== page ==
Value of Myocardial Viability Estimation Using Dobutamine Stress Echocardiography in Assessing Risk Preoperatively Before Noncardiac Vascular Surgery in Patients With Left Ventricular Ejection Fraction
Patients with heart failure (HF) scheduled for vascular surgery have an increased risk of adverse postoperative outcome, and stratification usually depends on dichotomous risk factors. A quantitative prognostic model for patients with HF was developed using wall motion patterns during dobutamine stress echocardiography (DSE). A total of 295 consecutive patients (mean age 67 +/- 12 years) with ejection fraction < or =35% were studied. During DSE, wall motion patterns of dysfunctional segments were scored as scar, ischemia, or sustained improvement. Cardiac death and myocardial infarction were noted perioperatively and during 5 years of follow-up. Of 4,572 dysfunctional segments; 1,783 (39%) had ischemia, 1,280 (28%) had sustained improvement, and 1,509 (33%) had scar. In 212 patients, > or =1 ischemic segment was present; 83 had only sustained improvement. Perioperative and late cardiac event rates were 20% and 30%, respectively. Using multivariate analysis, number of ischemic segments was associated with perioperative cardiac events (odds ratio per segment 1.6, 95% confidence interval 1.05 to 1.8), whereas number of segments with sustained improvement was associated with improved outcome (odds ratio per segment 0.2, 95% confidence interval 0.04 to 0.7). Multivariate independent predictors of late cardiac events were age and ischemia. Sustained improvement was associated with improved survival. In conclusion, DSE provides accurate risk stratification of patients with HF undergoing vascular surgery.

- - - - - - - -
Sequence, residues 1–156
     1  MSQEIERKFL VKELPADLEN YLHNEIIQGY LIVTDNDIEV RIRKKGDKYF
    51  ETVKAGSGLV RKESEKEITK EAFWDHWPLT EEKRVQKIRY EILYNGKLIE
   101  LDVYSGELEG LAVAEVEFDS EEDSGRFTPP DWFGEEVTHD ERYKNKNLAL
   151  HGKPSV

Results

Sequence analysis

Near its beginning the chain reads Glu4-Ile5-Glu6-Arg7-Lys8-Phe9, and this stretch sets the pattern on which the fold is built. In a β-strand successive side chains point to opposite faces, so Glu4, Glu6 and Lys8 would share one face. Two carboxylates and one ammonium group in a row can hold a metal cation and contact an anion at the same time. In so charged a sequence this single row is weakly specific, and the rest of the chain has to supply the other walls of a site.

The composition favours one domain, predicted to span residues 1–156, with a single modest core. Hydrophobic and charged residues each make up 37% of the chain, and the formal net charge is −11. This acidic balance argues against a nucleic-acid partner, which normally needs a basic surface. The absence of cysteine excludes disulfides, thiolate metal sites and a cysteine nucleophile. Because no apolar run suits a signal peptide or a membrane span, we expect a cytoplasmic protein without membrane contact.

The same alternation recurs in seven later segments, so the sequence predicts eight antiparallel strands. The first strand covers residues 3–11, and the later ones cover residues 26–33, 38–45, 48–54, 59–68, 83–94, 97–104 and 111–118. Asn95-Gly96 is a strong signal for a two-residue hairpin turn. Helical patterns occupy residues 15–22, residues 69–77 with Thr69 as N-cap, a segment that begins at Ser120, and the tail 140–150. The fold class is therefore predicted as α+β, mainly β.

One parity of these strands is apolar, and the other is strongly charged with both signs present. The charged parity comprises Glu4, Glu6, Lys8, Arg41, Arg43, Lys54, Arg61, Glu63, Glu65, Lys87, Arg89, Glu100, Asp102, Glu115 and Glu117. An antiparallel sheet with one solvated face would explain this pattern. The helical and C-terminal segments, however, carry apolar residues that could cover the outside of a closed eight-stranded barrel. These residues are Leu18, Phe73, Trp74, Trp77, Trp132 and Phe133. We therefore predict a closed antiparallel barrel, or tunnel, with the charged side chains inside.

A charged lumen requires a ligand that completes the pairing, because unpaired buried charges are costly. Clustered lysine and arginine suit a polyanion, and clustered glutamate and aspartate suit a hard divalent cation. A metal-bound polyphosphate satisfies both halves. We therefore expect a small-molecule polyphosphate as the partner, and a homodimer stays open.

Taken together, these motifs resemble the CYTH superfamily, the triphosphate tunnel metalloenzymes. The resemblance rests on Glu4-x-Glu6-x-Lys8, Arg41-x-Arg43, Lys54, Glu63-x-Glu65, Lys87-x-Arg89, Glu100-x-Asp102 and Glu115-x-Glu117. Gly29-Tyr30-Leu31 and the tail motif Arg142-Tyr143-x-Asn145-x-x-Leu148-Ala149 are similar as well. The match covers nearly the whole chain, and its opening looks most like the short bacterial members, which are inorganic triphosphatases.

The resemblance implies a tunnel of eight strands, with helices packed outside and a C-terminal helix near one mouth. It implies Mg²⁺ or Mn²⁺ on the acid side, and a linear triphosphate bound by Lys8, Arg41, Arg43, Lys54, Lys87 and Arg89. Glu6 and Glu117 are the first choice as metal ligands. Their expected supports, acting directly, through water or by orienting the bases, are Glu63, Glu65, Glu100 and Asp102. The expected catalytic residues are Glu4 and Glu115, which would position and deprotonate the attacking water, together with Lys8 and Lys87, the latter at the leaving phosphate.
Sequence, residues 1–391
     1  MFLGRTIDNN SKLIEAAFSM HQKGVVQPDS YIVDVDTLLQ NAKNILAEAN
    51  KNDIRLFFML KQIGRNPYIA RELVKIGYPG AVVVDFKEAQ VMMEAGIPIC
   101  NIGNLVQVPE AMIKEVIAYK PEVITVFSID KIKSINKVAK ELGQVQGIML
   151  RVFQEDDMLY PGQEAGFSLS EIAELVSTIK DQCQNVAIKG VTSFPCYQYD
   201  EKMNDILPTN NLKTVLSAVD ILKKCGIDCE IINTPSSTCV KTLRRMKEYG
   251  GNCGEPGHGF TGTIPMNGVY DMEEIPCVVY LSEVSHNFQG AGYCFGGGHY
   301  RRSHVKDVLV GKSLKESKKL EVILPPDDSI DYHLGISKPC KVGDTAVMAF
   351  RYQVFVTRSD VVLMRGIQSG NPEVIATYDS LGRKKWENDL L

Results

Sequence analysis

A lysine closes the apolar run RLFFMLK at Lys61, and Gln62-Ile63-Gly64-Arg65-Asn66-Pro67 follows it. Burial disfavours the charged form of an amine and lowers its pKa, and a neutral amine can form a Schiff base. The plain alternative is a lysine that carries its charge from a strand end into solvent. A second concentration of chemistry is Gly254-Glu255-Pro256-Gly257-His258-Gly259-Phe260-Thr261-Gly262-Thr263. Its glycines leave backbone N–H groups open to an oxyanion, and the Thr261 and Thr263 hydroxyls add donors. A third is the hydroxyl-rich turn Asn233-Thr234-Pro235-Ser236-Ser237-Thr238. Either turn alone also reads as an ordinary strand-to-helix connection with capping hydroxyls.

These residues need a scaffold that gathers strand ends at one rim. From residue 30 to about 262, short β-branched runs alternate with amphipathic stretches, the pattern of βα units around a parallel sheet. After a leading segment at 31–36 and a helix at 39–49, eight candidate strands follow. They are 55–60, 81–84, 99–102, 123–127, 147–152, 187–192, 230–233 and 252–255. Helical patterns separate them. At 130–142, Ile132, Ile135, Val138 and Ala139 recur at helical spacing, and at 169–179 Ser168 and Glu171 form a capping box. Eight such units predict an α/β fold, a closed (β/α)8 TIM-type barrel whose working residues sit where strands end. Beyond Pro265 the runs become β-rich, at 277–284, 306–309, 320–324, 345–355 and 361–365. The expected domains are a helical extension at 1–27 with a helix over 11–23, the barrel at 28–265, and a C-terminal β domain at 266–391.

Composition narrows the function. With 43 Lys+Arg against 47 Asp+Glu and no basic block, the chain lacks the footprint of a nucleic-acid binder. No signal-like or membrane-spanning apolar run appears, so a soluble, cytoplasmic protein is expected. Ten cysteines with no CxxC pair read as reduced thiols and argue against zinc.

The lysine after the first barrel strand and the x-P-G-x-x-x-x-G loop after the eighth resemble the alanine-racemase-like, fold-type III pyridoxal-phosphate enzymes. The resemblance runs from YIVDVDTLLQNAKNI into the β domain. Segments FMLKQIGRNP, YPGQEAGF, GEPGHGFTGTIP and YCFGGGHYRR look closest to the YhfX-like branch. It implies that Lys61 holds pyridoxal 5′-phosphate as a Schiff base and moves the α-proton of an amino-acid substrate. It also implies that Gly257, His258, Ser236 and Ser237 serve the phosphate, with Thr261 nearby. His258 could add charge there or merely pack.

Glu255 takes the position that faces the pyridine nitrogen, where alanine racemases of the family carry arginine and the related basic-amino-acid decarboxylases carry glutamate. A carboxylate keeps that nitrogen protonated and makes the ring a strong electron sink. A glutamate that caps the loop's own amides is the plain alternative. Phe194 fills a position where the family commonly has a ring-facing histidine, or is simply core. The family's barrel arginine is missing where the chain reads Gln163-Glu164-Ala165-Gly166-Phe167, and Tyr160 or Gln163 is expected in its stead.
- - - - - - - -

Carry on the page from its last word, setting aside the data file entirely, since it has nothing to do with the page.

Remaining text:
[Show abstract][Hide abstract] ABSTRACT: The diagnostic and therapeutic management of patients with coronary artery disease (CAD), either symptomatic or asymptomatic,
who are scheduled for thoracic surgery has not yet clearly been defi ned and remains controversial (Carbajal 1998).
[Show abstract][Hide abstract] ABSTRACT: Perioperative beta-blocker therapy has been proposed to improve outcome. Most of the trials conducted, however, lacked statistical power to evaluate the incidence of hard cardiac events and the relationship to the type of surgery. Therefore, we conducted a meta-analysis of all randomized controlled trials in which beta-blocker therapy was evaluated.
An electronic search of published reports on Medline was undertaken to identify studies published between January 1980 and November 2004 in English language journals. All studies reported on at least one of three endpoints: perioperative myocardial ischemia, perioperative nonfatal myocardial infarction, and cardiac mortality. Type of surgery, defined as low, intermediate, and high risk according to the American College of Cardiology/American Heart Association guidelines, was noted.
In total, 15 studies were identified, which enrolled 1,077 patient. No significant differences were observed in baseline clinical characteristics between patients randomized to beta-blocker therapy and control/placebo. Beta-blocker therapy was associated with a 65% reduction in perioperative myocardial ischemia (11.0% vs. 25.6%; odds ratio 0.35, 95% confidence interval 0.23-0.54; P<0.001). Furthermore, a 56% reduction in myocardial infarction (0.5% vs. 3.9%, odds ratio 0.44, 95% confidence interval 0.20-0.97; P=0.04) and a 67% reduction (1.1% vs. 6.1%, odds ratio 0.33, 95% confidence interval 0.17-0.67; P=0.002) in the composite endpoint of cardiac death and nonfatal myocardial infarction were observed. No statistical evidence was observed for heterogeneity in the treatment effect in subgroups according to type of surgery (P for heterogeneity 0.2).
This meta-analysis shows that beta-blocker use in noncardiac surgical procedures is associated with a significant reduction of perioperative cardiac adverse events.
Stephanie M Reinhold, Brian Lima, Adnan Khalid, Gonzalo V Gonzalez-Stawinski, Robert C Stoler, Shelley A Hall, Themistokles Chamogeorgakis
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